In her memoir ‘Pilgrimage to Dollywood’ writer Helen Morales sums up the appeal of Dolly’s theme park concluding that it ‘has taken elements of America and distilled them into their essences: God, family, patriotic pride, country, nature, memory and optimism.’* Here we also find a perfect list to sum up the values of Dolly herself which have allowed her to maintain a strong core fan base in America’s rural and conservative heartlands despite her concurrent foray into glitz, glamour, Hollywood, pop music, cosmetic augmentation and progressive causes.
And so this album Precious Memories is one designed for her heartland base and in fact could only be purchased at Dollywood itself, with all proceeds going to the Dollywood foundation (it can be heard on YouTube for those who have not made the trek to Tennessee). Consisting of spirituals the album follows The Golden Streets of Glory as her second full gospel collection. Musically the production has a similar traditional tone to her bluegrass trilogy, which she would record immediately following this album.
The cover features a rustic looking chapel with an old cart parked outside and a hymn book open to the title track. It looks like the old chapel you can visit at Dollywood – a building which was actually constructed in the 1970s as a vintage reproduction. When Dolly bought her theme park in the 80s she renamed it for the traveling doctor/preacher of her youth Robert F Thomas. Much like that chapel, this collection aims for an authentic slice of mountain gospel as though Dolly is fresh from the cabin rather than a mansion in Nashville – the audience doesn’t mind the blurring of fact and fiction, reality and rose tinted lenses.
The album begins with a simple piano based arrangement of Precious Memories, allowing her voice to fly sweetly across the melancholic lyrics. Nostalgia lingers in every note. The song itself was written by Tennessee native JBF Wright and has been performed by many country stars including Emmylou and Waylon as well as Bob Dylan, Sister Rosetta Tharpe and Aretha Franklin among others.
Power in the Blood is sung with the help of her family choir and a bluegrass style band, the lyrics concerning those three Southern strongholds of Jesus, farming and family. Blood harmonies are so central to the appeal of this kind of music – never underestimate the simple power of hearing families sing together.
In the Sweet Bye & Bye is another simple slice of beauty – sung with her siblings, raising the goosebumps. Even if the song became a cliche in its time, to hear it now its hard not to feel some hope shining through the gloom.
The song Church in the Wildwood has quite an interesting history, being lost for some time before folk singers rescued it from oblivion while simultaneously creating a tourist attraction out of the ‘little brown church in the vale’ which inspired the song. Much like her own ‘Tennessee Mountain Home’ this rural place of worship is sacred no matter how simple or backwater – an idyllic, imagined world that Dolly has sung of so many times before.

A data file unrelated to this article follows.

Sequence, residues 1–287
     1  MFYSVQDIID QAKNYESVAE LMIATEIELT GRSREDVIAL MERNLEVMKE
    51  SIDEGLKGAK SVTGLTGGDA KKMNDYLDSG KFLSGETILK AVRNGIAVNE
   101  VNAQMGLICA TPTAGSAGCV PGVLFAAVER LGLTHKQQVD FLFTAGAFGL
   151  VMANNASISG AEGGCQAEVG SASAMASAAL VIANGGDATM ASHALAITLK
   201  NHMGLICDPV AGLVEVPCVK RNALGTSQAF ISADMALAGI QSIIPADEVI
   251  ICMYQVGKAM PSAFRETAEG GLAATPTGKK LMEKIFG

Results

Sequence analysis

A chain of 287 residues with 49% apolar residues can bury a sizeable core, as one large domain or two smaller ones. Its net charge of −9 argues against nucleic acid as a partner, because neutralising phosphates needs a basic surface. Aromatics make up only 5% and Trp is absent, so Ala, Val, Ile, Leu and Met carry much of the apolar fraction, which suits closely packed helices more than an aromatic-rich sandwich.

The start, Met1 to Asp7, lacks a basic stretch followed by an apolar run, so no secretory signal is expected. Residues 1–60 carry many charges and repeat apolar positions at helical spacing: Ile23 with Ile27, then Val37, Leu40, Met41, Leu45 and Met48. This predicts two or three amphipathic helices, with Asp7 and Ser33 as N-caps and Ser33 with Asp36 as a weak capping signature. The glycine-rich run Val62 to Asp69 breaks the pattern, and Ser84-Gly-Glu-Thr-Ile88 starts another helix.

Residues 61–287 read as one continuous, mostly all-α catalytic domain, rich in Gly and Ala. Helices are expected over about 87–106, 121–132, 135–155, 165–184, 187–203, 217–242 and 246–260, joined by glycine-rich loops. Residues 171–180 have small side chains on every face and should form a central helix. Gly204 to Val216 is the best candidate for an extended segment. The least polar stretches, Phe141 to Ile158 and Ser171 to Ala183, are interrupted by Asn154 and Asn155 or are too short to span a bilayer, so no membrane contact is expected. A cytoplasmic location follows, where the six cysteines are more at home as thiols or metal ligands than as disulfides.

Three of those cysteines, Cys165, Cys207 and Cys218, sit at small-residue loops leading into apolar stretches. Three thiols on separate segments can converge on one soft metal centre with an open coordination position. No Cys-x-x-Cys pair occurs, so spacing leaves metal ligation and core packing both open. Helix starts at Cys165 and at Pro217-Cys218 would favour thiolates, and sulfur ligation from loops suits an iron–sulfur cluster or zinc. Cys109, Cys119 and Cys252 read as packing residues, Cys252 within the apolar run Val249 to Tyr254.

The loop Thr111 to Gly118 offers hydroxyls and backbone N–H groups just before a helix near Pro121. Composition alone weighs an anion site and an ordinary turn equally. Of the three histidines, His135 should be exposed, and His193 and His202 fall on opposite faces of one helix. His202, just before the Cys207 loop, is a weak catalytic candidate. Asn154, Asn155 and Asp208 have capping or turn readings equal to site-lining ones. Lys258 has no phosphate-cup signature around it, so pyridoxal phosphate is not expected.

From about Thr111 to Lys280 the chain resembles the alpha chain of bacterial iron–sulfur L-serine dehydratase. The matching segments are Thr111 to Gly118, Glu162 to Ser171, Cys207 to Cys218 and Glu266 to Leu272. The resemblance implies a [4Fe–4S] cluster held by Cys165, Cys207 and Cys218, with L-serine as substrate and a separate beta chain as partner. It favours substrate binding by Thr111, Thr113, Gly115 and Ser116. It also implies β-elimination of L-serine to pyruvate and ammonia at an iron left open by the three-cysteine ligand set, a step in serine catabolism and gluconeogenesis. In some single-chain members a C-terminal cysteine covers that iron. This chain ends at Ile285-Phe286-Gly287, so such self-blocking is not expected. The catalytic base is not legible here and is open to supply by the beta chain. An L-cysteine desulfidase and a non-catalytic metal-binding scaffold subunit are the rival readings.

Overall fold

Keep on the Firing Line works well with Dolly’s voice, the war metaphor of facing ‘bullets’ in the hope of a ‘reward’ at the end is like a more disturbing version of Dolly’s ‘if you want the rainbow/ you’ve got to put up with the rain’ aphorism.
‘Amazing Grace’ is well sung as you’d expect, although maybe this version does sometimes veer too close to that cloying, saccharine production which so ruined her late seventies albums. ‘Softly and Tenderly’ suffers the same problem, although it’s a more interesting song choice and the refrain ‘come home’ feels poignant.
Better is her version of ‘Old Time Religion’ which is more country and benefits from the return of the family choir on backing vocals. ‘Farther Along’ also captures more of the haunting spirit of the mountains, with the harmonies echoing beautifully. ‘What a Friend We Have in Jesus’ and ‘In the Garden’ are probably her best vocals performances on the album, even if the production lets them down a little.
She finishes on an upbeat, traditional country version of ‘When the Roll is Called Up Yonder’ like a collective celebratory hoedown to finish the service on a high note.
Dolly performed many of the songs from the album on a TV special with guests including Alison Krauss and Union Station, the Cox Family and her siblings. Overall I would conclude that this album, while enjoyable enough, doesn’t have any individual stand out songs and her best gospel work still remains ‘The Golden Streets of Glory’, ‘The Seeker’ and ‘He’s Alive’ where there’s something more distinctively Dolly about the delivery.
Albums like these do underscore how Dolly has cleverly sold herself as someone of faith, with pride in who she is and where she came from despite the fact she no longer attends church or belongs to any religion. When you constantly write (and rewrite) your own personal history, this remembered dream of the past becomes a truth in itself. What is sophisticated about Dolly’s marketing is that she can just as easily switch to use a different persona for a different crowd, crucially without losing or alienating the others.
Even for those who think religion’s all pie in the sky you would have to have a spirit of stone not to find some kind of musical comfort and joy in Precious Memories.
I am working on reviewing all of Dolly Parton’s solo albums in order. Here is a link to a list of the albums I have reviewed so far: https://highwayqueens.com/2021/03/03/dolly-partons-discography-album-reviews-list/
*Despite its terrible front cover I would highly recommend reading ‘Pilgrimage to Dollywood’ which explores some of the contradictions and complexities of Dolly’s appeal and sheds light on the relationship between loving American culture and experiencing its lived reality from a tourist perspective.